Happy Mothers Day all!
And welcome to an other ControverSunday, hosted by Perpetua and badge supplied by Accidents. (I am running out of cute ways to introduce ControverSunday. Sorry.)
This weeks topic via Perpetua’s topic announcement.
“Prompted by an Unauthorized Haircut given to H by a grandparent, Accidents suggested that we take on the subject of how we (do or don’t) enforce our parenting standards and rules when it comes to grandparents/caregivers. Her question was, do we “micromanage or take a ‘what happens at grandma’s’ approach”?”
Okay, first I am going to say something and hope you don’t all hate me.
I have a very very good relationship with both my parents and my husbands parents. We are lucky. You know those notorious family fights that tend to break out between parents and their adult children while planning a wedding? Yeah, none of that. None. Why? Because both my parents and my husbands parents are very very respectful of us and our want to do things our way. I can’t speak to why my wonderful Mother in Law is so good at this, but I know for my parents, it was because my grandparents had a tendency to butt in a bit too much (okay, a lot) and it really bothered them. And therefore I am blessed with parents who 100% respect our wishes.
Case in point. My Mom send a bunch of books (A LOVES books. Like too much. Like loves them to pieces. See this post) for A’s first birthday. Before we opened them, she said, over the phone “There is one you may find a bit too commercial and not like it, but it was so A I couldn’t help it.” It was a “Cheerio” book where A can put the cheerios in the little spots to complete a picture. So totally cute. But this is a good example of my Mom being very aware of what my husband and I think (we aren’t big fans of uber commercial baby stuff, although we have loosened up a bit after seeing how much A likes cheesy baby stuff).
Anyway, back to my point…. we are lucky enough that we don’t run into too many instances where we have to ask ourselves if we enforce our parenting standards or take a ‘what happens at Grandma’s stays at Grandma’s approach.’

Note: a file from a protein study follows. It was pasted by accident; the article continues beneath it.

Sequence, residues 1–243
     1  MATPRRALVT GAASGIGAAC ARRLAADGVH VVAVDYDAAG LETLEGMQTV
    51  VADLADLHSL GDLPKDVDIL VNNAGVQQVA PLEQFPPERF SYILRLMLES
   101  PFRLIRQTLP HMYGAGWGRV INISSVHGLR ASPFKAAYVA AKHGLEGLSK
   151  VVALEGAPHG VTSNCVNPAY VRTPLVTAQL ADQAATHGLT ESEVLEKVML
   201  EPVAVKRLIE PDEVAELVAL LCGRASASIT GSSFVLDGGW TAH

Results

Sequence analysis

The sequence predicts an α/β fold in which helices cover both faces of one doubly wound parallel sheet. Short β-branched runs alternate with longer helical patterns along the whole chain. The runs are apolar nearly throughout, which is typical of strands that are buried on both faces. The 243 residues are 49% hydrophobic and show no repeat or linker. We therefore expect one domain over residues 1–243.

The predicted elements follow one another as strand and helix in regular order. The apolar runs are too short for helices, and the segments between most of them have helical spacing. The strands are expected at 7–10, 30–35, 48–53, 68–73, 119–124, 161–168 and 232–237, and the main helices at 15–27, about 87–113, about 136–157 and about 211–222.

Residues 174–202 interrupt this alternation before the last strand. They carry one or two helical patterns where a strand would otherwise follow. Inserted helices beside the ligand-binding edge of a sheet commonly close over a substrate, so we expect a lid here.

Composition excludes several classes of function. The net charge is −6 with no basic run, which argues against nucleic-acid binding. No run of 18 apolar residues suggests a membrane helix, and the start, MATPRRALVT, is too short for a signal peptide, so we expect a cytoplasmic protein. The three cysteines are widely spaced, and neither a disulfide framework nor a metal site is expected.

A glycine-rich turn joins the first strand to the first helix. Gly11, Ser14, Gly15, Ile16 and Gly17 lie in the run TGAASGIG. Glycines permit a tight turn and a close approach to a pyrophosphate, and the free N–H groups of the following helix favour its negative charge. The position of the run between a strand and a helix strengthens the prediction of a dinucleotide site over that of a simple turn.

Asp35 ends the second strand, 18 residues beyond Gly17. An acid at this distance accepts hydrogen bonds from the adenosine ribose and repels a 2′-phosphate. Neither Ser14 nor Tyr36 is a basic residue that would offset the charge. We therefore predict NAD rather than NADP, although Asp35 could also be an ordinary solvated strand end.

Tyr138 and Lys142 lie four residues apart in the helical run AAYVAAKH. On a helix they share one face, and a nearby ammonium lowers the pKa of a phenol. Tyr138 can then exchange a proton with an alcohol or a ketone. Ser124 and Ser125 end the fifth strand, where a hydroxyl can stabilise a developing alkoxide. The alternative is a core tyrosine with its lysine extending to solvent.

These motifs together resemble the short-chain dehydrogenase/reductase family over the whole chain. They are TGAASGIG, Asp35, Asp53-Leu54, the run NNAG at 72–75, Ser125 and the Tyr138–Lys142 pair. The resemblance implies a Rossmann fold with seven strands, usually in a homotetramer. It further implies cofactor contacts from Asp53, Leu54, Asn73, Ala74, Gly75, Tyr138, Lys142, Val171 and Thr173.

None of the grand-parental units would hand A a big fat candy bar. Or let her stay up until 10pm. Or fail to gently tell her no if she was hitting someone. We are pretty much on the same page. Truth be told, when it comes to parenting, I take the advice of my parents and my mother-in-law above just about anyone elses advice.
Just about the only time I can think of that any of the grandparental units did anything that wouldn’t have been my preference was once when my parents were babysitting A when she was probably about 4 months old. I asked them to try and put her down at 7pm. They took her for a walk in the sling at 7pm and put her down at 7:45 instead. At the time it bothered me a little bit, but in retrospect WHATEVER. SHE WAS 4 MONTHS OLD and I was being crazy for trying to ‘enforce’ a bed time anyway. And it wasn’t like they overstimulated her with a bunch of blink light toys right before bed, they took her for a walk in a sling, which (at that age) was sometimes the only way to calm her down enough to get her to sleep anyways.
Back to the point. We are: L-u-c-k-y. Perhaps at some point we will encounter this challenge, but for now we have pretty much smooth sailing.
I know not everyone has this mutual understanding. I know lots of people struggle with the different opinions of different caregivers. And if you ask my opinion, I think you have to find a balance. Some things are just not a big enough deal to battle over and it is better to take a “What happens at Grandma’s” approach. Some things are a big deal and as the parent it is fair to ask other care givers to respect that. What things go into which category depends on your kid, your parenting values and what your other caregivers believe. I don’t think you can just divide up the issues so easily. Negotiating with caregivers is just an other challenge of parenting.
Grandparents or not, the majority of kids have multiple caregivers: child care providers, teachers, coaches, friends, the baby-sitter, other family members and the grandparents. And with every aspect of parenting, how we deal with that is not black and white. It all depends. Perpetua’s post spoke to the issue of respect. And I think she hit the nail on the head. That is the key. If all caregivers respect each other and respect the parents as the people who should have the final say- then it should go okay most of the time .